What is GDP and how is it measured? GDP dropped over 20% in April in the UK. This article will explain what GDP is and will discuss a few limitations of GDP.
Welcome to Simply Economics. This article is the ninth in a series to explain economics to those who want to broaden their scope of the subject. Click here to find out more about the series.
WHAT IS GDP?
GDP stands for gross domestic product. It measures the value of all finished goods and services in a country over a year. It is given in the currency of the country it is being measured in (the GDP of USA would be given in dollars etc).
However, economists typically look at the percentage change in GDP rather than the actual figure. The percentage change in GDP is given in real terms which means that inflation has been taken into account for.
If the GDP has been growing for the past 3 months, then the economy has been growing.
However, if there has been a decline in GDP then the economy is shrinking and if there has been a GDP decline for 2 consecutive quarters (6 months) then the economy is experiencing a recession.
HOW IS GDP MEASURED?
The GDP of a country can be measured using 3 methods:
- Value of goods and services – The main way GDP is measured is measuring the value of all the goods and services produced in a country over the past year. This includes all sectors of the economy.
- A measure of income – Another way to measure GDP is by measuring the value of the income earned in a country over the past year.
- Sum of expenditure – The final way of measuring GDP is by measuring the value of goods and services bought in a country.
WHY IS GDP USEFUL?
The GDP of a country is used to indicate whether the economy is growing or not which will affect the policy decisions the government and the central bank will take in order to stimulate the economy.
For example, if the economy is booming and prices are rising too fast, the central bank may raise interest rates in order to increase the rate of interest on retail loans such as mortgages. This would increase repayments prices which would mean consumers have less disposable income, reducing spending, hence controlling the rising prices.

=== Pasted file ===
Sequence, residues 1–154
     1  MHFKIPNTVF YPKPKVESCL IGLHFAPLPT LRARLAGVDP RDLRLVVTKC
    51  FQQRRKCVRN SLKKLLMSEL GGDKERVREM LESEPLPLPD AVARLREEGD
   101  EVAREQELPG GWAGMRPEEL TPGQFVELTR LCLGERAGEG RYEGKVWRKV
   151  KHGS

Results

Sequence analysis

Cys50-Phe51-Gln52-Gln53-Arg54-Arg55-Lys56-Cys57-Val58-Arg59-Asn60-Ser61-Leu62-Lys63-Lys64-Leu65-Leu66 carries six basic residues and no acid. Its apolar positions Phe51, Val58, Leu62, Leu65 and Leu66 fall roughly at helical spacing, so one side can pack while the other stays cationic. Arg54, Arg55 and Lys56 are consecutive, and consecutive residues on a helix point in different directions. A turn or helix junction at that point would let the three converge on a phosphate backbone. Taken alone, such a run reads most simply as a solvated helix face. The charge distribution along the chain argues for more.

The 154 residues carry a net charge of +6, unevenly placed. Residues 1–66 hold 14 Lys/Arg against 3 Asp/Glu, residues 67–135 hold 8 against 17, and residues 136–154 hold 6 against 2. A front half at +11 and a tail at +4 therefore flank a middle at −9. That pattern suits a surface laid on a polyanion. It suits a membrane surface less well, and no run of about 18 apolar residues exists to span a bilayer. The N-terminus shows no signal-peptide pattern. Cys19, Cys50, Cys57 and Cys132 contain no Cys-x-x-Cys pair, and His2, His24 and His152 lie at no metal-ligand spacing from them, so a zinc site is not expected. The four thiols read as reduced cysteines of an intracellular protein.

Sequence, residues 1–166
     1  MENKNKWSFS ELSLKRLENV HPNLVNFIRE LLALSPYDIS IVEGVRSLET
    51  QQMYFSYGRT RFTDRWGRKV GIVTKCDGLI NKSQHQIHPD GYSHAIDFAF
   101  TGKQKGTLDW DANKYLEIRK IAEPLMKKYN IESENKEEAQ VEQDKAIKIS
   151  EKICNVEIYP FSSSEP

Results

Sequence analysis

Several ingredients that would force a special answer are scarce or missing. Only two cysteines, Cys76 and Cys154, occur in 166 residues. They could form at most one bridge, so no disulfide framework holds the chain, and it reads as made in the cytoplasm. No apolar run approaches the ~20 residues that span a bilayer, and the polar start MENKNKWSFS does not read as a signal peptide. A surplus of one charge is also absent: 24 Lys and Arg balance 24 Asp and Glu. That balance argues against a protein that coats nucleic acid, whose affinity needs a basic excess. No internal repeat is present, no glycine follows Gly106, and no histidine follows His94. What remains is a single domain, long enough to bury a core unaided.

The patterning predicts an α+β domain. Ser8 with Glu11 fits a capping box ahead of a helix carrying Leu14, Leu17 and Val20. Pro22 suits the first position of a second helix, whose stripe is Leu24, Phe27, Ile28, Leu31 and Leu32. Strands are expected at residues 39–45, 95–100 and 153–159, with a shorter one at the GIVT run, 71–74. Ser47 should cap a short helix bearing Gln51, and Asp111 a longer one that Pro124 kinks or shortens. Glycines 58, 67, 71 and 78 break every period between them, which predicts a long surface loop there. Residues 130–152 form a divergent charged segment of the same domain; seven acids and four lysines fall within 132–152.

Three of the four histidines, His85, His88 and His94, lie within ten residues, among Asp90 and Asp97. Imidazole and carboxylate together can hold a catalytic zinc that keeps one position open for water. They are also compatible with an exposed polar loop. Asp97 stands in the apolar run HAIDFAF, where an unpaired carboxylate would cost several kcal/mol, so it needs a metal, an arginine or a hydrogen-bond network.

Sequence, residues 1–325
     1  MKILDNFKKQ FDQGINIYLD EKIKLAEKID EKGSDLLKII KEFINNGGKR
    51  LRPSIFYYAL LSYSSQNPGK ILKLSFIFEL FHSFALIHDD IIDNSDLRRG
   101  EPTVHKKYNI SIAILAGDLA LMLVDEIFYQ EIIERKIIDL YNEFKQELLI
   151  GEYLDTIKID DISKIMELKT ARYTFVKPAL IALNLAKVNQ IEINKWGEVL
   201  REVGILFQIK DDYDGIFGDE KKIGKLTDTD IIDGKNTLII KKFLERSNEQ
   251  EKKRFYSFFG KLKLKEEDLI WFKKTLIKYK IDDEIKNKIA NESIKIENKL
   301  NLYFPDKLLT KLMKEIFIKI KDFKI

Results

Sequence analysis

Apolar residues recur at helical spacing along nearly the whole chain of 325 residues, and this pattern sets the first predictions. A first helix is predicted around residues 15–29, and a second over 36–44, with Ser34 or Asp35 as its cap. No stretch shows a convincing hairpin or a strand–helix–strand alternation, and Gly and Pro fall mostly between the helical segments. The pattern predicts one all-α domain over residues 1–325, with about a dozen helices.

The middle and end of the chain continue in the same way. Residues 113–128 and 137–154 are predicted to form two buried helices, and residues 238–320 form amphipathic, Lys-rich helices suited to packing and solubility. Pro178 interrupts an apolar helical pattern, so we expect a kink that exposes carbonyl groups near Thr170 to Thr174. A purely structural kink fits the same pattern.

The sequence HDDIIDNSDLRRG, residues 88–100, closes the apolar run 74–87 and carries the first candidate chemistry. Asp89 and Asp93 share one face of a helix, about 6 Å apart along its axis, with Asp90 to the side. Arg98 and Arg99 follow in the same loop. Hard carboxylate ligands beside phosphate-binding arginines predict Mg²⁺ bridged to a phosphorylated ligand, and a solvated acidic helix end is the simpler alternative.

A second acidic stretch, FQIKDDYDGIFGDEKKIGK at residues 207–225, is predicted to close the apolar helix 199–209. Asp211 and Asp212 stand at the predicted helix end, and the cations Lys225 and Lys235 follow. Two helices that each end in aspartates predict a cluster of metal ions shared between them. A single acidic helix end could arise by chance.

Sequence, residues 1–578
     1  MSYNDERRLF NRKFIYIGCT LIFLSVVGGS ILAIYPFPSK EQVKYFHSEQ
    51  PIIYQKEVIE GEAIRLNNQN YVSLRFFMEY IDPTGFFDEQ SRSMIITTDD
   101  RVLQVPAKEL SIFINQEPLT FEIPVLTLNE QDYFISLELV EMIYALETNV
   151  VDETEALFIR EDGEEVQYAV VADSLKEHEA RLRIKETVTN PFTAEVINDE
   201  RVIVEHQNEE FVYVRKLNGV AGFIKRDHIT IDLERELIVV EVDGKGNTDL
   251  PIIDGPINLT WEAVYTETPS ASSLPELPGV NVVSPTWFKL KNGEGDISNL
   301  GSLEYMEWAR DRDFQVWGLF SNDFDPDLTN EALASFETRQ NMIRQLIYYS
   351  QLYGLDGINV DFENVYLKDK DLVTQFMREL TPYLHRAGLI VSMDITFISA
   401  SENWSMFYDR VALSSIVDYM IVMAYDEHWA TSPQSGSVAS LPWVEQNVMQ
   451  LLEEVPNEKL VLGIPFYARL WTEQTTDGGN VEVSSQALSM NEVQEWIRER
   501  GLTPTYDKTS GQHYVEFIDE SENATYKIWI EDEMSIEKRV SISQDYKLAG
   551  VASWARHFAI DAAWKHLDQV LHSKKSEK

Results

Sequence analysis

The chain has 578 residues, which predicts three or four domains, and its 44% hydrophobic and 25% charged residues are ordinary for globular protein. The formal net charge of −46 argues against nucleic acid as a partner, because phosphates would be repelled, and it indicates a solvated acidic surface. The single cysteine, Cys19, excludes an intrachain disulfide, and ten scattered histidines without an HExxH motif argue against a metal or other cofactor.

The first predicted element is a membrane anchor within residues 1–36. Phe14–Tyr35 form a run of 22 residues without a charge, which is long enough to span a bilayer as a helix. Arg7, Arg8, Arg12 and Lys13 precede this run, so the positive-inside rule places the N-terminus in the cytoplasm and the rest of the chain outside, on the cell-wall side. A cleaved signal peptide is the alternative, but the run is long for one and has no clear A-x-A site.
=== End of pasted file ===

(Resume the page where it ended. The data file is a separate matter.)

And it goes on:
WHAT ARE THE LIMITATIONS OF GDP?
- Hidden Economy – When goods are sold without being declared for tax or when goods are swapped for other goods, the value of them is not recorded. This is known as the informal economy which can account for over 60% of economies in some Sub-Saharan African countries.
- Informal Economy – If goods are not bought then their value is not recorded. An example of this would be when a gardener grows and consumes their own vegetables; because they are not selling those vegetables or buying them from a market, the value is not recorded hence the GDP figure may seem less than what it may be in reality.
- Distribution of Income – GDP growth does not show how the growth incomes is split across the whole economy. For example, GDP growth could be due to the growth incomes for the rich only rather than the entire economy growing as a whole.
In conclusion, GDP is a measure of economic growth and it can be calculated by using three methods: measure the value of goods and services sold, measure the expenditure, measure the total income. However, the GDP comes with limitations as it does not take into account for the hidden or informal economies and does not show the distribution of economic growth.